Donors pay strangers’ shopping accounts

Santa seems to be getting some help: Anonymous donors are paying off strangers’ shopping accounts at retail stores across the US, helping to buy the Christmas gifts that families couldn’t afford.
Lori Stearnes said at first she thought it was a joke when someone from her local Kmart store called to say someone had paid off most of her bill for toys and outfits she bought for the youngest four of her seven grandchildren.
The total bill was about $250, but after the stranger helped, she only had a $58 balance, she said. Ms Stearnes said she and her husband, Lloyd, live paycheck to paycheck and that layaway — the practice of paying off purchases bit by bit — often helps spread out the costs of Christmas.
“It just gives you a warm feeling,” said Ms Stearnes, 53.
A similar random act of kindness happened at a Kmart in Indianapolis, where a young father wearing dirty clothes and worn-out boots stood in line at a layaway counter with three small children.
He asked to pay something on his bill because he knew he wouldn’t be able to afford it all before Christmas. Then a mysterious woman stepped up to the counter.
“She told him, ‘No, I’m paying for it,’” recalled Edna Deppe, the store’s assistant manager. “He just stood there and looked at her and then looked at me and asked if it was a joke. I told him it wasn’t, and that she was going to pay for him. And he just busted out in tears.”
Before she left the store on Tuesday evening, the woman had paid the orders for as many as 50 people. On the way out, she handed out $50 bills and paid for two carts of toys for a woman in line at the cash register.
“She was doing it in the memory of her husband who had just died, and she said she wasn’t going to be able to spend it and wanted to make people happy with it,” Ms Deppe said. The woman did not identify herself and only asked people to “remember Ben,” an apparent reference to her husband.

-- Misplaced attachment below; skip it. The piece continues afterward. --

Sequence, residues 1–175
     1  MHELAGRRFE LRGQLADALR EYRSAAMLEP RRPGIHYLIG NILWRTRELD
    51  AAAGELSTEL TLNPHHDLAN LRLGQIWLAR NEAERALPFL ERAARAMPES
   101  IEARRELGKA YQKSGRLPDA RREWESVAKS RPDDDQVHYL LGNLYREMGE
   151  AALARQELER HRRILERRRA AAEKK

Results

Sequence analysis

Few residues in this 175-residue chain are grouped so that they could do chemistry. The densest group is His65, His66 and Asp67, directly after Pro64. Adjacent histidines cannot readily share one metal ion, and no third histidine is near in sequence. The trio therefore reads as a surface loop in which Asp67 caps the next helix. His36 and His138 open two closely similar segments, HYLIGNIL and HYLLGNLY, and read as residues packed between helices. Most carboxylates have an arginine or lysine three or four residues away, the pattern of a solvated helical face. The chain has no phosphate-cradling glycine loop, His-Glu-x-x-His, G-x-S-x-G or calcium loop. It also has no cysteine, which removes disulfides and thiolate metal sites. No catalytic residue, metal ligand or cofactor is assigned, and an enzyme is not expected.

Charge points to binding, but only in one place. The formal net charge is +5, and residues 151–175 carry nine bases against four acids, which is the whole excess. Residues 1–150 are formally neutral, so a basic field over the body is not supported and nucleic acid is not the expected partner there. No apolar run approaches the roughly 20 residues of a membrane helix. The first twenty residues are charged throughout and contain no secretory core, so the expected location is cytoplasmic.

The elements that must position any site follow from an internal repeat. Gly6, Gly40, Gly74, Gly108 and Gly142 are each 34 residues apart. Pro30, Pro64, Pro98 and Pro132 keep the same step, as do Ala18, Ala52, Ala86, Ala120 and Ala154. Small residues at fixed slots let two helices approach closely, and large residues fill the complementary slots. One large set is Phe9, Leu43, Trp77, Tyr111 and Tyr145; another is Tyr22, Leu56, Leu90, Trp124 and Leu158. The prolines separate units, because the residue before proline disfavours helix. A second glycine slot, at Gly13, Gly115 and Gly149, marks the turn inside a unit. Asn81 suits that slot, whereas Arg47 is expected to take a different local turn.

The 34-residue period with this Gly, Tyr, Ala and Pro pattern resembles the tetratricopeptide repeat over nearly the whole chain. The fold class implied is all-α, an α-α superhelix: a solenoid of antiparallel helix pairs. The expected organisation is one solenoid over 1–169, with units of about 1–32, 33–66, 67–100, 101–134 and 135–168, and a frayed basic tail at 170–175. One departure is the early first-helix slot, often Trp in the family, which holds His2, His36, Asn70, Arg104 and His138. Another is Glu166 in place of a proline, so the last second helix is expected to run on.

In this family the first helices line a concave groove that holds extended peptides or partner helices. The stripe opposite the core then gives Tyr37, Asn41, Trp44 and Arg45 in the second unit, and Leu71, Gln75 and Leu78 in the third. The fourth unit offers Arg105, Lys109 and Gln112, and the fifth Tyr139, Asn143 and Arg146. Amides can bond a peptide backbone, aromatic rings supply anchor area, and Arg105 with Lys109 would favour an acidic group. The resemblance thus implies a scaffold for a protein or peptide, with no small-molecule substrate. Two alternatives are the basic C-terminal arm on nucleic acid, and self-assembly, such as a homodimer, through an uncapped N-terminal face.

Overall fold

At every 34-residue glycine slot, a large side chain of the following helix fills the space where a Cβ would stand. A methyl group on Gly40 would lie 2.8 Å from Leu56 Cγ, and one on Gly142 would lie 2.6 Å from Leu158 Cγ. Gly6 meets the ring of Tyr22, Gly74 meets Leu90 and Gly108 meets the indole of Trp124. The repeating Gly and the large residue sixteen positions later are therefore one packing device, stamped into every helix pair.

Ms Deppe, who said she has worked in retail for 40 years, had never seen anything like it.
“It was like an angel fell out of the sky and appeared in our store,” she said.
Most of the donors have done their giving secretly.
Dozens of other customers have received similar help in Nebraska, Michigan, Iowa, Indiana and Montana.
The benefactors generally ask to help families who are buying items for young children. They often pay a portion of the balance, usually all but a few dollars or cents so the order stays in the store’s system.
The phenomenon seems to have begun in Michigan before spreading, Kmart executives said.
“It is honestly being driven by people wanting to do a good deed at this time of the year,” said Salima Yala, Kmart’s division vice-president for layaway.
The good Samaritans seem to be visiting mainly Kmart stores, though a Wal-Mart spokesman said a few of his stores in Missouri and Chicago have also seen some layaway accounts paid off.
Angie Torres, a stay-at-home mother of four children under the age of 8, was in the Indianapolis Kmart on Tuesday to make a payment on her bill when she learned the woman next to her was paying off her account.
“I started to cry. I couldn’t believe it,” said Torres, who doubted she would have been able to pay off the balance. “I was in disbelief. I hugged her and gave her a kiss.”

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